Three days of mourning have been declared as authorities continue to assess the death toll in the latest attacks in Mali.
Armed groups attacked a passenger boat and military camp in Mali, killing at least 49 civilians and 15 soldiers, according to the country’s armed forces. Approximately 50 assailants were also killed in the attack.
“On September 7, 2023, around 11 in the morning [11:00 GMT]armed terrorist groups with deadly designs attacked a boat from COMANAV [a ferry operator] between Abakoira and Zorghoi, in the territory of Rarhous,” said the Malian military in a statement on social mediawhich refers to the cities in the central part of the country.
The ship is traveling on the River Niger. COMANAV said in a separate statement that “at least three rockets” targeted the ship, targeting its engines.
When the ship was stranded in the waterway, unable to move, army officials led an evacuation effort to help the passengers ashore, a COMANAV official told AFP news agency. . The river is an important navigation route for the region, with little road infrastructure.
A separate attack targeted an army installation east of Bourem Circle, part of the Gao region.
Before the death toll on Thursday and many more injured in the attacks, Mali’s interim government declared three days of national mourning. Since the 2021 coup d’etat, Mali has been led on an interim basis by Colonel Assimi Goita.
An al-Qaeda-affiliated group claimed credit for both attacks, according to AFP.
The Sahel region, of which Mali forms a part, has experienced an increase in violence in the last decade, including rival groups affiliated with al-Qaeda and the ISIL (ISIS) group.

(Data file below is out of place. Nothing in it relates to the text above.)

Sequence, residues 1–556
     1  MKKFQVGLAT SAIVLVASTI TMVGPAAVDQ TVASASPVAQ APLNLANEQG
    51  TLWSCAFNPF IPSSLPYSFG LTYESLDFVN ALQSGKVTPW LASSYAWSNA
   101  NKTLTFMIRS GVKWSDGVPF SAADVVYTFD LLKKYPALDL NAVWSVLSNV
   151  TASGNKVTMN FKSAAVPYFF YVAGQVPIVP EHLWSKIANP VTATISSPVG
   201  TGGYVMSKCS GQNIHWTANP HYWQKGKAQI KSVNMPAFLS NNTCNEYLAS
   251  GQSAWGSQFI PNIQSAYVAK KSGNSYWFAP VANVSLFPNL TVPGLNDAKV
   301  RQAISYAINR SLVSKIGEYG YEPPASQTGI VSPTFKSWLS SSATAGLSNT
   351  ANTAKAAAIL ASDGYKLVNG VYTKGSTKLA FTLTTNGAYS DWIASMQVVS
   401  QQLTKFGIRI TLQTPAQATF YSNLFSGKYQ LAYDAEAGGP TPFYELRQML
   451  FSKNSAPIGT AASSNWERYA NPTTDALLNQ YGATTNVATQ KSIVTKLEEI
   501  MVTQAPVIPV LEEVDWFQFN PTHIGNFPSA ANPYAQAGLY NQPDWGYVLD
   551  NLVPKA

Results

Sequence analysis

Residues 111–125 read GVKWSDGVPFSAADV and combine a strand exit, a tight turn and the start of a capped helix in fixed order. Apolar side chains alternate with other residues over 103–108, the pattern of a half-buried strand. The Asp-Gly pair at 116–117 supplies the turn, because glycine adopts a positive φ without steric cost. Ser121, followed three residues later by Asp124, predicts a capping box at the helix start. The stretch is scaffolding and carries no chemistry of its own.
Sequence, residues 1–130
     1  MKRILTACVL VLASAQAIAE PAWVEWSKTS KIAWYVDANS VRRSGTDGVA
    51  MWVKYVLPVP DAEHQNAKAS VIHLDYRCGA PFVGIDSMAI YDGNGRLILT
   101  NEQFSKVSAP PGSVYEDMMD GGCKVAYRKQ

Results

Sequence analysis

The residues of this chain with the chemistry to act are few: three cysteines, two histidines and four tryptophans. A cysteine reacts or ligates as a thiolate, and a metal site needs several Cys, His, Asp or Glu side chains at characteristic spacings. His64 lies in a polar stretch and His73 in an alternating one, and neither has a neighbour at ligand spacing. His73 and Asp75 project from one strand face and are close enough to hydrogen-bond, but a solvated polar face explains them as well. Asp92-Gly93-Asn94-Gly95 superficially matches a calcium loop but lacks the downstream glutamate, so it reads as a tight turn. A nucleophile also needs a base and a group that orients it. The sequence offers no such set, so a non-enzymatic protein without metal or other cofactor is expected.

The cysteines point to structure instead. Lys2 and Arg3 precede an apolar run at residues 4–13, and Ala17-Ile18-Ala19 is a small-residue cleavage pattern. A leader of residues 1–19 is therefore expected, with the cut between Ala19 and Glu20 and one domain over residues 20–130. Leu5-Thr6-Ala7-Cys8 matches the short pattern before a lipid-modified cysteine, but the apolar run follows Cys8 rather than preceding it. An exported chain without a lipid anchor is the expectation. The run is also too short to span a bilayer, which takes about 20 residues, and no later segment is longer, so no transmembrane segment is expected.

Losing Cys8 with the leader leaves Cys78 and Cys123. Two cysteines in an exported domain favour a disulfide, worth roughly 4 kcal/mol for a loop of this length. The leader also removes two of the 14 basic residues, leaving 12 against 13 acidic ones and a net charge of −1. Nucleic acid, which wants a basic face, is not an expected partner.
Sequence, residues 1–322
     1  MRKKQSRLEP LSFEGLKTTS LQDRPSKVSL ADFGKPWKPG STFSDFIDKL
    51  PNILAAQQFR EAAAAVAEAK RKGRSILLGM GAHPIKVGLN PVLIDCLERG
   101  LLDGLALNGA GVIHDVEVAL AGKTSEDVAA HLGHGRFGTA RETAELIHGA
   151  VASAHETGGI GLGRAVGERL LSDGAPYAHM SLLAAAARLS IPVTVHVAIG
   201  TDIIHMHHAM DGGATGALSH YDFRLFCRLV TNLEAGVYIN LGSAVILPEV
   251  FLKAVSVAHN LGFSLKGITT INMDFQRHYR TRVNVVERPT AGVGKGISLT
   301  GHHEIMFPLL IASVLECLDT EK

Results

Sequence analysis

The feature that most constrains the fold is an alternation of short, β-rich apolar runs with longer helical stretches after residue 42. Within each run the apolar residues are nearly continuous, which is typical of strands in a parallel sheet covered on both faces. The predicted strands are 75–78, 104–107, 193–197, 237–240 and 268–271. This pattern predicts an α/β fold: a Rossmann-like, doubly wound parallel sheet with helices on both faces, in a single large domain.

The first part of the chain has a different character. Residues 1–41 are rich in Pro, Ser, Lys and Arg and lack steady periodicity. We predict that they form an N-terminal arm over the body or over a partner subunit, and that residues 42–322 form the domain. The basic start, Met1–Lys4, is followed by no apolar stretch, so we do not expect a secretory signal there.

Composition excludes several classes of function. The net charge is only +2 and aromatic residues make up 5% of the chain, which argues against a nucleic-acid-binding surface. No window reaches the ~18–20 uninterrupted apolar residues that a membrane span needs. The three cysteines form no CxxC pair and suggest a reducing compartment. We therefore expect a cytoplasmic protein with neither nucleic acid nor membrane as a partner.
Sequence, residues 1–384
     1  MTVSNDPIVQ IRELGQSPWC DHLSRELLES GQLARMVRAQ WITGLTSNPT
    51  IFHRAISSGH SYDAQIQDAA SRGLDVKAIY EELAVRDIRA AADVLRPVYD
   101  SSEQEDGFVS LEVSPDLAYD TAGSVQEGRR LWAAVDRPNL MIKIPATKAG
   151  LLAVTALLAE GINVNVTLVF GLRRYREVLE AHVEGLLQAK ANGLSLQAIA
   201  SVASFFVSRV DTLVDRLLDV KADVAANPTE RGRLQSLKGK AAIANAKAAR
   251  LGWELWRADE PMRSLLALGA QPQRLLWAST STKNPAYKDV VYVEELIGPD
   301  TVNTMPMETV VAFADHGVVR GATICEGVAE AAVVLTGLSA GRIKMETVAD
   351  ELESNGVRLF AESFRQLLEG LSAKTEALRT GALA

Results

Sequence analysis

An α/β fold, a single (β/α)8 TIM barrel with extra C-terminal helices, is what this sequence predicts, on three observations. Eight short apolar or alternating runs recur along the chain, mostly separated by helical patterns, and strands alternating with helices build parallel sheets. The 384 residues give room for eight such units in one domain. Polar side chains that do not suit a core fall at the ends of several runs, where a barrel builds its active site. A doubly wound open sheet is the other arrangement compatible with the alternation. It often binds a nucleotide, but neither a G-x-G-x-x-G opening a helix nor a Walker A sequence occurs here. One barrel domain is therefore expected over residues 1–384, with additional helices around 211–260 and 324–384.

The United Nations has raised alarm about the situation, saying the “devastating surge in terrorist attacks against civilian and military targets” has already resulted in “alarming” humanitarian consequences. .
Since August 13, a local affiliate of al-Qaeda, known as the Group for the Support of Islam and Muslims or JMIN, has organized a blockade around the historic Malian city of Timbuktu, located near the Niger River, east of where the attacks took place on Thursday.
The blockade has resulted in many of Timbuktu’s 35,000 residents suffering from food insecurity and rising prices of basic necessities. Humanitarian aid has also been halted.
A UN panel also noted in August that ISIL fighters had almost doubled their territory in the past year, with continued confrontations between the rival groups expected.
Instability in Mali has largely followed a 2012 conflict that saw rebels in the north push for independence. Then a military coup d’etat later that year overthrew the democratically elected government.
The country has since experienced two more coups: one in 2020 and the latest in 2021.
A 2015 peace deal attempted to end the rebellion in the north, but government turmoil undermined the deal, allowing ongoing fighting between various armed groups.